Author Topic: Starting to load for WB  (Read 2746 times)

Paladin Gun For Hire

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Starting to load for WB
« on: May 09, 2016, 07:53:05 AM »
Posted Today, 06:48 AM


I want to keep this simple. I will be using Red Dot powder and 200 Gr. LRNFP for both pistol and rifle (as I said, I want to keep it simple) Need starting point on OAL for the ACP rounds, and same for 45LC. I will be using a Marlin 94C. All ACP brass is large primer. Don't want to get into discussion about different powder or bullets. This is what I have and what I want to shoot. PM me with load data.  Your input will be appreciated. 

August West

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Re: Starting to load for WB
« Reply #1 on: May 09, 2016, 08:44:30 AM »
Posted Today, 06:48 AM


I want to keep this simple.

Don't we all?!?!?!

Most lead bullets for the .45 a.c.p. cartridge are slightly rebated, or reduced in diameter where the shank turns into the ogive of the bullet.  That wider part of the shank has to be completely below the mouth of the cartridge case to ensure the bullet does not contact the rifling upon chambering.  A bullet designed for the 45 Long Colt's cartridge will not have this feature and, therefore, will usually not operate consistently in the John Browning Pistol.

So, keeping it simple, you'll need two different bullets -- one for the pistol and one for the rifle.

Your description of the bullet you have as a LRNFP, suggests it is one designed for use in the Long Colt's cartridge.

So, keeping it simple, you'll have to also get some bullets for the a.c.p.  Most of us will suggest 230 grain bullets for reasons that are not so simple, so I'll leave it at that.

If you'll accept the idea that two different bullets are necessary for your Wild Bunch battery of arms, people will be along shortly with loads using Red Dot with a 230 grain, round nose, .45 a.c.p. bullet.

I know this isn't what you wanted to hear.  But, the sooner you get over this hump, the sooner you'll have rounds that will support your Wild Bunch shooting and allow you to have fun with us at the range.
« Last Edit: May 15, 2016, 04:20:42 PM by August West »

Paladin Gun For Hire

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Re: Starting to load for WB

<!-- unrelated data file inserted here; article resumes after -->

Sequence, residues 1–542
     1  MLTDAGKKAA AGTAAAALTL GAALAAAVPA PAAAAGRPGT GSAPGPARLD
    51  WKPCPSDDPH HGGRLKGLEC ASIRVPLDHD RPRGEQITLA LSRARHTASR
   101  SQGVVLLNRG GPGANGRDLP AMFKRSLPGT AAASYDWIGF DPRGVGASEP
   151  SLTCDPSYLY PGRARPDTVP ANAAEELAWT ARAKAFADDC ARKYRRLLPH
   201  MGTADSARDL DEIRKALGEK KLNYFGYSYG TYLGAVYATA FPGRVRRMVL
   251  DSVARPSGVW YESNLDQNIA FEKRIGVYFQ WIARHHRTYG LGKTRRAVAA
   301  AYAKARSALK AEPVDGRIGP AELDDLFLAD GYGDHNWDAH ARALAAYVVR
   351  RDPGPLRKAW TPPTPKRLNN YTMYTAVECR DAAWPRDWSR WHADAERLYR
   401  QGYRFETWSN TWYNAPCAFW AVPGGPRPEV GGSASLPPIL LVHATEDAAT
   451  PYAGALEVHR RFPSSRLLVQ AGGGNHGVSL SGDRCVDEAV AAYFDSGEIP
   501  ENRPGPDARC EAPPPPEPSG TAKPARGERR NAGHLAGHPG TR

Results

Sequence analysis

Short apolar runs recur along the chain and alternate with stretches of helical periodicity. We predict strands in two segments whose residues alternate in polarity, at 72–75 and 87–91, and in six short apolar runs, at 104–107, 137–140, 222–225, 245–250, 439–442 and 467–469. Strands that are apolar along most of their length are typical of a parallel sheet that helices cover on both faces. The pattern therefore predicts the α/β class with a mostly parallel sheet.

« Reply #2 on: May 09, 2016, 10:57:29 AM »
Than you sir, I look forward to their reply.

Legendary Lawman

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Re: Starting to load for WB
« Reply #3 on: May 09, 2016, 12:53:24 PM »
August West is right on the money.  I will PM you with my data but you need to chronograph your own loads for power factor.  Do not get the PF too close to the line.  I like to see my PF around 165 or a little more.

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Blackfoot

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Re: Starting to load for WB
« Reply #4 on: May 09, 2016, 12:59:35 PM »
I shoot 200gr. LRNFP bullets in both .45ACP and .45 Colt with Red Dot.  My load is 4gr in .45ACP and 5gr in.45Colt.  The exact OAL will depend on your bullet.  Some good recommendations on seating were given in the response concerning OAL.  I have had NO problem running 200gr  LRNFP (sized .452) in both. 

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Garrison Joe

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Re: Starting to load for WB
« Reply #5 on: May 09, 2016, 01:30:35 PM »
First - there is NO guarantee that any one .452 diameter bullet will work well in both your 1911 and your rifle.  NO guarantee.   NONE.  But, good news abounds - it's cheaper to buy different bullets than it is to modify guns to shoot a particular bullet real well.  8) ;D

Second - if you want simple, put the 1911 away.   It's not tough, but it's not simple.   It's very fun, but it's not simple like a SAA revolver is simple.




Here's Alliant's published max load for that bullet weight:

45 Auto   200 gr  Lead bullet   1.19   OAL       Red Dot   4.5grains        831 FPS

That is the velocity (or very slightly slower) you want for Wild Bunch, as it translates to 166 Power Factor. 

Your cartridge OAL will depend upon what feeds and chambers well in your 1911.  Be aware, there may be problems with the front driving band and first section of the rounded nose jamming tight into the rifling, as the 45 auto barrel is cut with NO throat at all before the rifling starts.  You don't EVER want that jamming into the rifling to occur.   A tight slug raises pressure, and a tight slug can be pulled out of the case when you clear the pistol with a live round in the chamber!   And a slug touching the rifling lands is just a smidgen away from not chambering all the way, leading to a round that will not fire, and has to be ejected, and probably made up at some time.

Seat your first loads at an OverAll Length (OAL) to put the mouth of the case right where the front driving band starts to turn into the round nose.   Ignore any crimp groove that may be on the slug, crimp into the top edge of the driving band.   Taper crimp, which is what a good 45 auto crimp die produces, so that the mouth is taken down from the slight expander belling down to about 0.471" (no tighter than 0.470") diameter right at the mouth.